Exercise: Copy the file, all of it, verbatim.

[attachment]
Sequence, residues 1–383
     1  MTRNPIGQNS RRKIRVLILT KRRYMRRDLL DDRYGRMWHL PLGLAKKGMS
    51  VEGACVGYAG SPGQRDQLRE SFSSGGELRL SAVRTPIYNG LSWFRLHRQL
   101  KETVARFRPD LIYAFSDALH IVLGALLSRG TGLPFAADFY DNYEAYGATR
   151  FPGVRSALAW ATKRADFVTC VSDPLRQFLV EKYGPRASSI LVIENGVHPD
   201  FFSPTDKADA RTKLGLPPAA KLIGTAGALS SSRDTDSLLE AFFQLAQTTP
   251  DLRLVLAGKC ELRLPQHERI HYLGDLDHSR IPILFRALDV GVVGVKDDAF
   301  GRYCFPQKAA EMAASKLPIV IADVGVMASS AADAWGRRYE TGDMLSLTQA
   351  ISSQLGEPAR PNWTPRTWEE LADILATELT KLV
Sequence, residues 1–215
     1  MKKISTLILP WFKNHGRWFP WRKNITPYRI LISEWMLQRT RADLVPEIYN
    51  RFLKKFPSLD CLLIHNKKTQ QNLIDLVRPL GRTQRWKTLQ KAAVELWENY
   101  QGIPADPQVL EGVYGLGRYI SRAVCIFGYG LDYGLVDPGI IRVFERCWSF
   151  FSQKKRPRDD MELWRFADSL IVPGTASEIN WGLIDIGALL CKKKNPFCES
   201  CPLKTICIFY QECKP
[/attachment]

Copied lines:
Sequence, residues 1–383
     1  MTRNPIGQNS RRKIRVLILT KRRYMRRDLL DDRYGRMWHL PLGLAKKGMS
    51  VEGACVGYAG SPGQRDQLRE SFSSGGELRL SAVRTPIYNG LSWFRLHRQL
   101  KETVARFRPD LIYAFSDALH IVLGALLSRG TGLPFAADFY DNYEAYGATR
   151  FPGVRSALAW ATKRADFVTC VSDPLRQFLV EKYGPRASSI LVIENGVHPD
   201  FFSPTDKADA RTKLGLPPAA KLIGTAGALS SSRDTDSLLE AFFQLAQTTP
   251  DLRLVLAGKC ELRLPQHERI HYLGDLDHSR IPILFRALDV GVVGVKDDAF
   301  GRYCFPQKAA EMAASKLPIV IADVGVMASS AADAWGRRYE TGDMLSLTQA
   351  ISSQLGEPAR PNWTPRTWEE LADILATELT KLV
Sequence, residues 1–215
     1  MKKISTLILP WFKNHGRWFP WRKNITPYRI LISEWMLQRT RADLVPEIYN
    51  RFLKKFPSLD CLLIHNKKTQ QNLIDLVRPL GRTQRWKTLQ KAAVELWENY
   101  QGIPADPQVL EGVYGLGRYI SRAVCIFGYG LDYGLVDPGI IRVFERCWSF
   151  FSQKKRPRDD MELWRFADSL IVPGTASEIN WGLIDIGALL CKKKNPFCES
   201  CPLKTICIFY QECKP